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On its own, as Green puts it, the NSS is “transitional—important, but not the last word on U.S. strategy.” But set against the backdrop of the president’s vision for a “free and open Indo-Pacific,” our view of the Trump administration’s grand strategy snaps into focus. In October, the Trump administration began unveiling the contours of an “Indo-Pacific” strategy to replace former Obama administration’s “pivot/rebalance.” In the lead-up to his whirlwind Asia trip in early November—the longest of all his overseas trip to date—Trump’s secretary of state, Rex Tillerson, underscored the vision for a “free and open Indo-Pacific” centered on a quadrilateral relationship between democracies such as India, Japan, Australia and the United States. It’s worth remembering how critics were quick to cast doubt on the viability of the strategy, after President Trump’s visit to Beijing made it appear as if relations between the United States and China were at their best. Then at a public seminar in Washington, DC in late November, the administration’s confirmed nominee to be assistant secretary of defense for Asian and Pacific security affairs stated that the president’s vision for a free and open Indo-Pacific “suggests . . . that there should be a key role for Taiwan.”
Indeed, this larger context strongly suggests that the Trump administration sees a pivotal role for Taiwan in the Indo-Pacific. In the 2017 NSS, Taiwan was discussed in the “military and security” paragraph of the section on “priority actions” in the region. The text preceding the mention of Taiwan explains the U.S. approach to the entire region: “We will maintain a forward military presence capable of deterring and, if necessary, defeating any adversary. We will strengthen our long-standing military relationships and encourage the development of a strong defense network with our allies and partners.”
So what is Taiwan already doing in the region, and how can Taiwan work with the United States to improve security in the Indo-Pacific?
The best starting point for this discussion should be based on the common goals and challenges that officials from the United States, Australia, India and Japan outlined when meeting in Manila on November 12. According to the State Department, “the officials examined ways to achieve common goals and address common challenges in the region, such as: upholding the rules-based order in the Indo-Pacific, including freedom of navigation and overflight, respect for international law, and the peaceful resolution of disputes; increasing connectivity consistent with international law and standards, based on prudent financing; coordinating on counterterrorism and maritime security efforts in the Indo-Pacific; and further cooperating to curtail the DPRK’s nuclear and missile programs and unlawful acts. The quadrilateral partners committed to deepening cooperation, which rests on a foundation of shared democratic values and principles, and to continue discussions to further strengthen the rules-based order in the Indo-Pacific region.”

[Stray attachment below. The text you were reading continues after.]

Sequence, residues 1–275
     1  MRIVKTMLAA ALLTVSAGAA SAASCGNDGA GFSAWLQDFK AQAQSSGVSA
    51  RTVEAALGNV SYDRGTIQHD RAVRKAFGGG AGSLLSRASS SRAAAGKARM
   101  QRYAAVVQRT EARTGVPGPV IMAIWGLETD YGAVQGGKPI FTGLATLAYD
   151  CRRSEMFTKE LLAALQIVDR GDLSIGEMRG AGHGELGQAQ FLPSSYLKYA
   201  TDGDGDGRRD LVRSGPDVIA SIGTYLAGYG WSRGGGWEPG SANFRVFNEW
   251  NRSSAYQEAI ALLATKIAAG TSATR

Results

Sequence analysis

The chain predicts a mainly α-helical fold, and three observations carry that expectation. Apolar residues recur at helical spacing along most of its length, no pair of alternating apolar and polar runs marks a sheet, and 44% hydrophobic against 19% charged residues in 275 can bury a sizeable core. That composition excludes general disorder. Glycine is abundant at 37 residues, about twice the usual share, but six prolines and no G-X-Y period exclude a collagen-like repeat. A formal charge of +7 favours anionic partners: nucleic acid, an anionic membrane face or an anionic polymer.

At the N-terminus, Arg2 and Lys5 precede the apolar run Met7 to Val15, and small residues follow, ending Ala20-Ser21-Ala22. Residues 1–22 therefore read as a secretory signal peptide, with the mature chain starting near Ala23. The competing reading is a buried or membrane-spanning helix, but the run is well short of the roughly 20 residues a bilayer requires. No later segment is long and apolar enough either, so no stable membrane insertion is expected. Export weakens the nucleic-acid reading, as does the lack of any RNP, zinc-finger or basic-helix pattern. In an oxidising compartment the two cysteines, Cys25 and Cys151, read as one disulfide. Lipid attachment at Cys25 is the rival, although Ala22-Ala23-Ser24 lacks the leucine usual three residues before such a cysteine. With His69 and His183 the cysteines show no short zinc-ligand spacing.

Rules-Based Order in the Indo-Pacific
Taiwan maintains a geostrategic position that could be valuable to the United States and its partners since Taiwan controls Itu Aba and Pratas in the South China Sea. In a sign of goodwill and de-escalation, Taiwan had downgraded its force presence from stationing Taiwan Marines there, to instead stationing Taiwan’s Coast Guard. Still, the position allows Taiwan to emplace radar and sensors to gain a more accurate situational awareness of the surrounding areas in the South China Sea. This position and these assets would be valuable to the United States and its partners if all sides decide to cooperate further in this regard.